Winter Dawn

Apologies for my lack of posts of late – and incidentally for not having visited others’ blogs. I have been, er, working on other projects and in any case leaving Sweettenorbull’s fields lie fallow a while to come back with some fresh posts in due course. I hope this has been a good year for my handful of regular readers, and wish you a good one to come. See you in 2015. I leave 2014 with a reprise of a very old post of mine on welcoming a new year in less than exhuberant style…

Let’s get the new year rolling with a take on Tu Fu, or Du Fu if you like, by the American Beat poet, Kenneth Rexroth. This should be particularly apt for those of you who will have greeted the new year with a bout of serious drinking, perhaps some feasting and a healthy dose of bonhomie, punctuated – between rounds no doubt – with the occasional melancholy reflection on the passing of time and the shortness of life…

The Winter Palace, China

The Winter Palace, China

Winter Dawn

The men and beasts of the zodiac

Have marched over us once more.

Green wine bottles and red lobster shells,

Both emptied, litter the table.

“Should auld acquaintance be forgot?” Each

Sits listening to his own thought,

and the sound of cars starting outside.

The birds in the eaves are restless,

Because of the noise and light. Soon now

In the winter dawn I will face

My fortieth year. Borne headlong

Towards the long shadows of sunset

By the headstrong, stubborn moments,

Life whirls past like drunken wildfire.

Tu Fu (trans. Kenneth Rexroth)

From One Hundred Poems from the Chinese, New Directions Press

It is apparent to even a non-Chinese speaker that this is one of the more westernising, and modernising, of Rexroth’s translations, with the western zodiac, the sound of cars and even the lines of Burn’s famous song standing in for whatever their Tang Dynasty equivalents may have been (answers on a postcard…). We shouldn’t complain about this, however. Rexroth freely admitted that some of his translations were much more free-wheeling than others, and his ‘cultural’ translation of the poem probably helps us to understand it better. There is something universal in the poem in its evocation of the wonder-tinged sense of mortality that we feel even as mark the passing of time with drinking and dancing. The empty bottles and lobster shells are the perfect image to capture that stangely empty feeling following a big celebration.

There is one line here that does need a little more explanation – ‘In the winter dawn I will face/ My fortieth year’. Traditionally the Chinese, aged 1 year old at birth, would get a year older on New Year’s day, not on their individual birthdays (this is still the way one measures age in some parts of China, and in the whole of South Korea). So Tu Fu was only 38 when he wrote this, and it wasn’t his birthday. With Tu Fu being a generally pessimistic fella, though, I don’t think this knowledge would have changed the mood of this poem…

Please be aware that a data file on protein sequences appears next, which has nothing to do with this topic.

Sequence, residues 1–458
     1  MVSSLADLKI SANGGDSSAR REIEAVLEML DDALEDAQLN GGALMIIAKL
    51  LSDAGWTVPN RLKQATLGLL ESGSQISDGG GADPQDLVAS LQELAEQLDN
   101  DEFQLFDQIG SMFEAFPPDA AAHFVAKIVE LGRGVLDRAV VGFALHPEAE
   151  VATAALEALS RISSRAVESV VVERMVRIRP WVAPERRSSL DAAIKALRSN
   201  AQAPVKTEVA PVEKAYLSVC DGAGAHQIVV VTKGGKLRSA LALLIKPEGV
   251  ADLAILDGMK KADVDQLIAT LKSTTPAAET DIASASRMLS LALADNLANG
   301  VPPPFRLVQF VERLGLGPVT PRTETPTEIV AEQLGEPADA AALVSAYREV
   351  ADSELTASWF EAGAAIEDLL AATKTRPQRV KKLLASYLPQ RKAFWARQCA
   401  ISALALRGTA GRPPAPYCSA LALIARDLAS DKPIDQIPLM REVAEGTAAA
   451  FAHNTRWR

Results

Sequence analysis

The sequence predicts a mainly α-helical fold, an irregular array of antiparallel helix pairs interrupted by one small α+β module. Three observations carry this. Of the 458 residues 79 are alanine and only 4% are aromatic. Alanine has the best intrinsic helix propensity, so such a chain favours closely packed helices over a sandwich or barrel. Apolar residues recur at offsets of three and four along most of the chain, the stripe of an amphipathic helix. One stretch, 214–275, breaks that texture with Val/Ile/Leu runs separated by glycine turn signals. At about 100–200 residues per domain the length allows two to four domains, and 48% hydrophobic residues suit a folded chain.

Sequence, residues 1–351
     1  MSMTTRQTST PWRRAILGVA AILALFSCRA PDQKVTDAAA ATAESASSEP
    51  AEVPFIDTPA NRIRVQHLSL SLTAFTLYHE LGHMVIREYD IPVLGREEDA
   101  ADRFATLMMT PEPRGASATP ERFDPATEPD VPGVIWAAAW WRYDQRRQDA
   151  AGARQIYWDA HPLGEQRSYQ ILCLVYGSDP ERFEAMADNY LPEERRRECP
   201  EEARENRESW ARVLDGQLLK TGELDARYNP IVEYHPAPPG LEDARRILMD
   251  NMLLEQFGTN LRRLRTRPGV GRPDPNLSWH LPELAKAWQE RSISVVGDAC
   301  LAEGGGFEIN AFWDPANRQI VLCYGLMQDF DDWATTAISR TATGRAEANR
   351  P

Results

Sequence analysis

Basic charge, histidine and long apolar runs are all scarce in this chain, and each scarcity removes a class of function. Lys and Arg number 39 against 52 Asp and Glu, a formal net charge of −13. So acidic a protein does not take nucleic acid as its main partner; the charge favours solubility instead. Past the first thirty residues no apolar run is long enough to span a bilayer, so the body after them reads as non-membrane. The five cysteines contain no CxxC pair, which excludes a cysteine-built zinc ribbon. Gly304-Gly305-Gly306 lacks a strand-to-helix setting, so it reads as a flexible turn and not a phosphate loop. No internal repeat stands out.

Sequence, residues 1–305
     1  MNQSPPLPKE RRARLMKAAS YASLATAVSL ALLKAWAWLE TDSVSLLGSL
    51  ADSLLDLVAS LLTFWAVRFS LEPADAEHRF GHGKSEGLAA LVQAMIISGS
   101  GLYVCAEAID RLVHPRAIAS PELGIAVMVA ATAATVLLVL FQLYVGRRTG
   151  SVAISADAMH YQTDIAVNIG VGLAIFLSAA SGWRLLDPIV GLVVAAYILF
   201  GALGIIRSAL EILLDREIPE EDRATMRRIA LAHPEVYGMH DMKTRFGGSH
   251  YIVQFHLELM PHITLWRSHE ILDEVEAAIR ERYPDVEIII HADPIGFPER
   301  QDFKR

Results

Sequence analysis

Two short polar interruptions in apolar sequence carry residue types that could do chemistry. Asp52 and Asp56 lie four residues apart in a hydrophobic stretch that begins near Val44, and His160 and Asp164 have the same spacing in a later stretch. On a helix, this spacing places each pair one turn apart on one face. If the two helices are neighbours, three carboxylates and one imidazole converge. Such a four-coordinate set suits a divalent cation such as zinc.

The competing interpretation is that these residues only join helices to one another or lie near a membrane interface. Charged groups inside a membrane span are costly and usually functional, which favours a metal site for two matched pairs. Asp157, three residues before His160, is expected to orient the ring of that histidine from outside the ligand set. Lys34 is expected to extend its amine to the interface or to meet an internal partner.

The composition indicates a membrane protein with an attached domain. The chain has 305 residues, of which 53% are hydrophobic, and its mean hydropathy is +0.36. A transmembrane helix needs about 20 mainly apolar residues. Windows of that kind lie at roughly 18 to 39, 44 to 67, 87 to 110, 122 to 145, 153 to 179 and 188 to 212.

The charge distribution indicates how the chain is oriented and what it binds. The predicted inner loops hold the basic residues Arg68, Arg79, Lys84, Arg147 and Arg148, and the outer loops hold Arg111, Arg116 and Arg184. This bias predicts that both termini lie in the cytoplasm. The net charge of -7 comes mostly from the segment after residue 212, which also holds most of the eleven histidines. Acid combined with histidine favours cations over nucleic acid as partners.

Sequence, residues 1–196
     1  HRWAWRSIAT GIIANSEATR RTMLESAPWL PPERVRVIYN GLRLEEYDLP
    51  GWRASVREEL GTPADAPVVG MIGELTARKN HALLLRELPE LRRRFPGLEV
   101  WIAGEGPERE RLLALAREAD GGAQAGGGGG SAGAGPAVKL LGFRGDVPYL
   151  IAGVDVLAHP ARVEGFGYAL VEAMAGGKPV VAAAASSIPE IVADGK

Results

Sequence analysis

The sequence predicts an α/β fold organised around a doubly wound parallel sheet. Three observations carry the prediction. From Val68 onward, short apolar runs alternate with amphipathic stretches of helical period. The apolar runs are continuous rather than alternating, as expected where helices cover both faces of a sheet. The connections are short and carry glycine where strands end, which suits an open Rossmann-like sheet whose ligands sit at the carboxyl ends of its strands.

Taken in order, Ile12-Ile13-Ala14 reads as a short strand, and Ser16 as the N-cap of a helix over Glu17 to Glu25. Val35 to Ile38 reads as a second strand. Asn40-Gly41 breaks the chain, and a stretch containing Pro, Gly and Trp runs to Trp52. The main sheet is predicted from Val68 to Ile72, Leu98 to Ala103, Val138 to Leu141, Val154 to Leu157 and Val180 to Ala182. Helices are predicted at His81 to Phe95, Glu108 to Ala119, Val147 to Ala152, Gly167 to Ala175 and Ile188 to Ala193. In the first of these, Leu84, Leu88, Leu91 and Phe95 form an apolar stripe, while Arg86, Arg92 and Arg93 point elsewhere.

‘Borne headlong / Towards the long shadows of sunset’… ah well, happy new year all!



Filed under Poetry

8 responses to “Winter Dawn

  1. A very likeable translation; easy, real, in good American English. Thank you for the reprise.
    A good new year to you and yours, and also (since you are in South Korea) I wish you a happy birthday!

    • Thanks – but I didn’t realise I had just got older until you reminded me… the poem is, as you say, real – those green wine bottles are a nice detail. No doubt a few people groggily depositing them in their recycling bins as we speak… Well, happy new year!

  2. I too enjoyed this, and found especially fresh those inages of bottles and lobster shells and the birds restless in the eaves. Drunken wildfire seems a bit of a miss. But the overall effect is very satisfying indeed!

  3. Birds restless in the eaves is, as you say, a perfect image. I spent a Chinese new year in China once, and they do like their firecrackers – that at least hasn’t changed since Du Bu’s time. I hadn’t thought much about the drunken wildfire until your critical eye spied it out – it is a little off as you say, as it is people who get drunk, not fire. Nevertheless, it’s a great poem, and I do think Rexroth an underappreciated poet. Anyway, happy new year!

  4. Great to have you back in town (Blogville, that is). Thanks for all your support, and for celebrating the invaluable literary tradition of great poetry. Also, ‘ave an ‘appy new year!

  5. Thank you for introducing me to Kenneth Rexroth. Coincidentally, I have been musing about the parallel fates of Robbie Burns’ native Scots language and the Chinese dialect of the early Chinese in Canada. Both are subsumed into the world’s monolithic languages, Scots by English, and the Chinese dialect of Hoiping by Mandarin.

  6. That’s an interesting parallel, setohj. No doubt some Scots would argue that their language endures. It has a living literary tradition, at least – with the Scottish translator Brian Holton, for example, translating Yang Lian’s Chinese into Scots as well as English poems..

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